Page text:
Convergence of Software-as-a-Service and Services Outsourcings

Services outsourcings and software-as-a-service (SaaS) offerings lie on nearly opposite ends of a spectrum of managed services that a service provider can provide a customer. Traditionally, they serve the customer in quite different ways and are considered to be separate services, but some service providers are offering “customized” SaaS services, which in essence lie in the middle of this spectrum of managed services. Only certain services can be offered both as a SaaS Service and through an outsourcing, but the breadth and complexity of SaaS Services, particular cloud-based SaaS Services, grows constantly.

Outsourcings are generally used to transfer responsibility for a large and complex piece of a customer’s business to a third party. The primary driver behind an outsourcing is typically cost, since the service provider generally promises to perform the outsourced services at a lower cost than what a customer can achieve internally. The cost savings comes from leveraging the infrastructure, resources and expertise of the service provider. However, outsourcings can become unexpectedly expensive for a customer when the provided solution does not neatly mesh with the customer’s remaining business functions. Change orders and scope creep drive up implementation costs.

In contrast, software-as-a-service (SaaS) offerings are typically offered as a commodity service, having set parameters and set pricing, and being available on the same terms to everybody. The advantage of a traditional SaaS service is cost, especially low upfront costs. Typically very little capital is required to sign up for a SaaS service, and only an ongoing subscription fee applies. There are fewer unexpected costs arising from the SaaS service, since it is not subject to change orders or scope creep. SaaS services are typically provided on a “take it or leave it” basis.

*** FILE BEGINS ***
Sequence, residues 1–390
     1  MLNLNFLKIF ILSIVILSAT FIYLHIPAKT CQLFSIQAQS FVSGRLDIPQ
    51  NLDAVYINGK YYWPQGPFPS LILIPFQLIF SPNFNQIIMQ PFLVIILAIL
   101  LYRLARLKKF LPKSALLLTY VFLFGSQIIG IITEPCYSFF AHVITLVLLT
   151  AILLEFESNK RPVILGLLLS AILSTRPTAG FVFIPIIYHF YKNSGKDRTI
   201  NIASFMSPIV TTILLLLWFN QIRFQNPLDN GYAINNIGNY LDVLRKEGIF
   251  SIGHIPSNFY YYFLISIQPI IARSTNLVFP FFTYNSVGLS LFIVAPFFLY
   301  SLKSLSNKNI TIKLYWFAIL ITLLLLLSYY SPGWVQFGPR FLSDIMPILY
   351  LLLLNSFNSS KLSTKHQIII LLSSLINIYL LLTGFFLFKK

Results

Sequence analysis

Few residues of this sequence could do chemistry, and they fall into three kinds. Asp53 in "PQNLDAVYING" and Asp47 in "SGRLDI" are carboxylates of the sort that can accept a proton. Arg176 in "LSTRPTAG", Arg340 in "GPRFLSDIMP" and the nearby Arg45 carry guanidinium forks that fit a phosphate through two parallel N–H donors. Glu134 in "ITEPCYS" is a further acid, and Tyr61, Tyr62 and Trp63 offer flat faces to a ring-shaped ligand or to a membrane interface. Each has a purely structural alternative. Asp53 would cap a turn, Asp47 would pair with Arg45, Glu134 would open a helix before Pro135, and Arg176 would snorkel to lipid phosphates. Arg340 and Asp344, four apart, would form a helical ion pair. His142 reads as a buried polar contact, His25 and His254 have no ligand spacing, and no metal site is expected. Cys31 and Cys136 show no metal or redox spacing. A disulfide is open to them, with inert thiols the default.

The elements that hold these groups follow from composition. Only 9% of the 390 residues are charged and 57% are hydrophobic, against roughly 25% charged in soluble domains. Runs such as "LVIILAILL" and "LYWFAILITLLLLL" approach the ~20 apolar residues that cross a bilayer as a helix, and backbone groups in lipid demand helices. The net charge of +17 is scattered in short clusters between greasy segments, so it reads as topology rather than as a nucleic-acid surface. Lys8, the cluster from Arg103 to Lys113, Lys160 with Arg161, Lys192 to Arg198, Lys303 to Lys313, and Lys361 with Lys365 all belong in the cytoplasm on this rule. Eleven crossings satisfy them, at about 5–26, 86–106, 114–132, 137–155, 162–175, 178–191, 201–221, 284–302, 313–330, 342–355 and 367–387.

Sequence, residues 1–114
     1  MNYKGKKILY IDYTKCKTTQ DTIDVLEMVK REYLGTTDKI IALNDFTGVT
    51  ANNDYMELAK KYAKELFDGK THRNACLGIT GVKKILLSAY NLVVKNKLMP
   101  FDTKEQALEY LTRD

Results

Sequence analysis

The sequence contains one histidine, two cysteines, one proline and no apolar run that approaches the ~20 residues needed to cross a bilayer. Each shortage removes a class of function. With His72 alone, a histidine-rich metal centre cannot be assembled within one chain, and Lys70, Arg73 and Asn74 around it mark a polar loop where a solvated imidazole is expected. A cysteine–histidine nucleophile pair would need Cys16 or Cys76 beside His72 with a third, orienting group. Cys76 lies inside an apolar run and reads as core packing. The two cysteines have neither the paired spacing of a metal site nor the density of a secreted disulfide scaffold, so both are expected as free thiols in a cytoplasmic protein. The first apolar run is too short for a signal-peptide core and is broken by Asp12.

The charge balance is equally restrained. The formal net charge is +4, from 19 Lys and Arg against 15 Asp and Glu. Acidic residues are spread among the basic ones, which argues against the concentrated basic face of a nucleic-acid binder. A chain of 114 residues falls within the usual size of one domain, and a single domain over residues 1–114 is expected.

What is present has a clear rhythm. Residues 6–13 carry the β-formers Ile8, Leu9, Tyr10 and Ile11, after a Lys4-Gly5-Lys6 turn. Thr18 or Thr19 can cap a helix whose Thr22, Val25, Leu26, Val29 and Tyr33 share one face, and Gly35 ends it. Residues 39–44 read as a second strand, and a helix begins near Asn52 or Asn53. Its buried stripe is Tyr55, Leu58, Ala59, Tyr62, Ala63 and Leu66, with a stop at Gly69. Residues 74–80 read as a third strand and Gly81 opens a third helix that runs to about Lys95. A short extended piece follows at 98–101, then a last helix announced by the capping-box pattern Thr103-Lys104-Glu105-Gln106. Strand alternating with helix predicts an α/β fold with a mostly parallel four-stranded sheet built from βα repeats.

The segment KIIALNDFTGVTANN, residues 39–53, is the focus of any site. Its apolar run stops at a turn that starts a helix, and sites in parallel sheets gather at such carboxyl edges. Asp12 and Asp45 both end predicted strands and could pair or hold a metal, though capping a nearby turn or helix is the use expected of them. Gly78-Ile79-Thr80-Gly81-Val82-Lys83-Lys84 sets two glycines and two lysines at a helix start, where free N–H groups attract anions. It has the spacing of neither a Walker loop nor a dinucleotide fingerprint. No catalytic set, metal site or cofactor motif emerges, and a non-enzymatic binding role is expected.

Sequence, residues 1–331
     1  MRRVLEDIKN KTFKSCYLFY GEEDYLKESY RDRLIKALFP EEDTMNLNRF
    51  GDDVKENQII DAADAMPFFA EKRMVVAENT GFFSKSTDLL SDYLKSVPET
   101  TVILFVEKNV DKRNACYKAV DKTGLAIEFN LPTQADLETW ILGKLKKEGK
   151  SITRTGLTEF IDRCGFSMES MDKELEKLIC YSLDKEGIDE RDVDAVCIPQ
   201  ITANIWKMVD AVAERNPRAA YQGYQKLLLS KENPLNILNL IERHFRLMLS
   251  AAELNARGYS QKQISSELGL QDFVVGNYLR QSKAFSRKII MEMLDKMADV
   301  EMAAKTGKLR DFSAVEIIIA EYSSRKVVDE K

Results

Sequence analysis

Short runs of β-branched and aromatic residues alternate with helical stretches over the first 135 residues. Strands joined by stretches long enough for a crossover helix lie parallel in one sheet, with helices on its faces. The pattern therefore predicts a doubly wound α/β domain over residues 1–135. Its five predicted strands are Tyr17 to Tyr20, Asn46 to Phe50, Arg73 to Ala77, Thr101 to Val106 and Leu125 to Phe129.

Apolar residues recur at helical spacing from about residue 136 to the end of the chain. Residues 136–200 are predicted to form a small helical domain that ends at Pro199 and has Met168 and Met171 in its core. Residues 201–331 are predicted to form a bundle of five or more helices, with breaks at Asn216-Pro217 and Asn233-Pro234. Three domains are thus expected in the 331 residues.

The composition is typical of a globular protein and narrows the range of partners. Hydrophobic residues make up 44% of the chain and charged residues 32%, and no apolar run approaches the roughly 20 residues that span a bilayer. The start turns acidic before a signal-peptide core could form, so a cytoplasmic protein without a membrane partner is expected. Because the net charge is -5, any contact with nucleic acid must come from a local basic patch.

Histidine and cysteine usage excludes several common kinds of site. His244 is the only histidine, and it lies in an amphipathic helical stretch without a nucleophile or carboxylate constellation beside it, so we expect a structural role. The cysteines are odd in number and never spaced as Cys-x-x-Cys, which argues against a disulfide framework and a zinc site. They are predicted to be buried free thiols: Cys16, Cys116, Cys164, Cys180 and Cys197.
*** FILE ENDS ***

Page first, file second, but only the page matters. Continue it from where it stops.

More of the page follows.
Increasingly, there is a trend among SaaS providers to offer “customized” SaaS services, which are tailored in some way to meet the specific needs of a particular customer. Some SaaS providers have developed their service offerings such that they have embedded into them a large number of variable service parameters, allowing for customized end user interfaces, database and dataset compatibility, and customized monitoring and reporting tools. Certain SaaS providers have created software development kits which can be exploited by customers or third parties to develop customized applications that work with their SaaS offerings, which can provide for even greater flexibility.

I see this as a natural convergence between the two contracting models that could be of benefit to both the customer and the service provider. From a customer’s perspective, by moving to a customized SaaS service, the customer can realize greater cost savings over a stand-alone, full blown outsourcing arrangement. From a service provider’s perspective, it is able to build a platform once and sell it many times over, a potentially more profitable business proposition.

On the downside, the customer would have to be more flexible with respect to its requirements if there is not a customized SaaS solution that fits the bill. Customized SaaS solutions will only go so far, and invariably there will be requirements that they cannot meet in particular circumstances. A customer may also have to settle for service levels and technical support that is inferior to a fully outsourced solution. Some service providers may be willing to negotiate special terms for larger providers, to afford a customer dedicated support, dedicated hardware, or other particulars. However, the resulting services may rise in complexity and expense to a level equivalent to an outsourcing arrangement.